Tennessee baseball: The national championship is clad in Big Orange

Jun 24, 2024; Omaha, NE, USA; The Tennessee Volunteers dogpile after defeating the Texas A&M Aggies at Charles Schwab Field Omaha. Mandatory Credit: Dylan Widger-USA TODAY Sports
Jun 24, 2024; Omaha, NE, USA; The Tennessee Volunteers dogpile after defeating the Texas A&M Aggies at Charles Schwab Field Omaha. Mandatory Credit: Dylan Widger-USA TODAY Sports / Dylan Widger-USA TODAY Sports

As the ball popped off Kavares Tears’ bat, Hunter Ensley was on a mission and a race from first base to home. Texas A&M’s Jace LaViollette fired the ball in from center field, Ali Camarillo relayed the ball to home, and Ensley slid around the A&M catcher, barely avoiding the glove and scoring what would be the game-winning run.

Tennessee baseball had a five-run lead, all the momentum, and could taste its first national championship in program history. Ensley’s run was the deciding factor in the Vols’ one-run win after A&M’s late-game comeback.

127 years after the University of Tennessee started its baseball program, the college baseball national championship trophy is clad in Big Orange for the first time in program history.

The Vols took down the Aggies 6-5 in Game 3 of the College World Series Finals, bringing the national championship trophy to Knoxville.

Tennessee also killed the No. 1 seed curse in the NCAA Tournament and College World Series. Tennessee’s title marks the first time the No. 1 overall seed has won the national championship since Miami in 1999.

Tennessee has traveled to Omaha seven times since 1897 when the program was founded. Tennessee’s first CWS appearance was in 1951, which was also the last time the Vols appeared in the CWS Finals.

The Vols cemented themselves as one of the best teams and most powerful hitting teams in college baseball history. The BaseVols weren’t able to tie or break LSU’s 1997 home run record but finished the year with the second-most home runs of all time with 184 total bombs.

Zander Sechrist was tasked with starting the most important game in program history. He was up for the challenge, pitching 5.1 innings, allowing one run, and recording seven strikeouts.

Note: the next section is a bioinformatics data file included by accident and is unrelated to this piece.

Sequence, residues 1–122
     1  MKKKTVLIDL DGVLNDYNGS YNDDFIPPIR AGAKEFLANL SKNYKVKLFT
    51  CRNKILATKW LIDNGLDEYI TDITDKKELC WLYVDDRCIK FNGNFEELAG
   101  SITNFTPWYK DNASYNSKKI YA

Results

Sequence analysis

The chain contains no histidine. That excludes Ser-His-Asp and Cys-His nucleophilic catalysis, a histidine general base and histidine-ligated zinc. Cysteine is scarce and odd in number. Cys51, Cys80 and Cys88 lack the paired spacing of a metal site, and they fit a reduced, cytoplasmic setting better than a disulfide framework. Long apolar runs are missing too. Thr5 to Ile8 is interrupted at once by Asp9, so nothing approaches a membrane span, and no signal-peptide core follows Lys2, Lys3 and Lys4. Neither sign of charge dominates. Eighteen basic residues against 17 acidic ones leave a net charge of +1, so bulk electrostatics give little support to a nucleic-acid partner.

Tony Vitello relied on his best pitchers to get him through the rest of the game. Nate Snead came in relief and pitched 1.2 innings before Dylan Loy and Kirby Connell came in to clean up the eighth inning.

Closer Aaron Combs came in the ninth to finish things off and got the job done, but not without some stress for everyone in the stadium and across Vol Nation. He gave up two runs but struck out three batters throughout the ninth to end the game and secure Tennessee’s first national title.

After a superhuman performance throughout the championship series, Dylan Dreiling was named the Most Outstanding Player. He hit a home run in every game throughout the CWS Finals, including a huge two-run home run in the seventh inning.

Tennessee baseball gets a lot of flack for being a proud, confident team led by one of the best head coaches in the country, but none of that mattered when it came down to Tennessee being the best team in the country.

There were some big names in the crowd watching the Vols. Peyton Manning and Morgan Wallen were sitting next to Josh Heupel and Rick Barnes in the stands. Manning was emphatic that this is not Tennessee’s last national title.

The night ended with Tennessee earning its 60th win of the season, the first national championship in program history, and the best coach in the country celebrating with the best fans in the country. Here is the call from John Wilkerson as Tennessee records the final out of the game.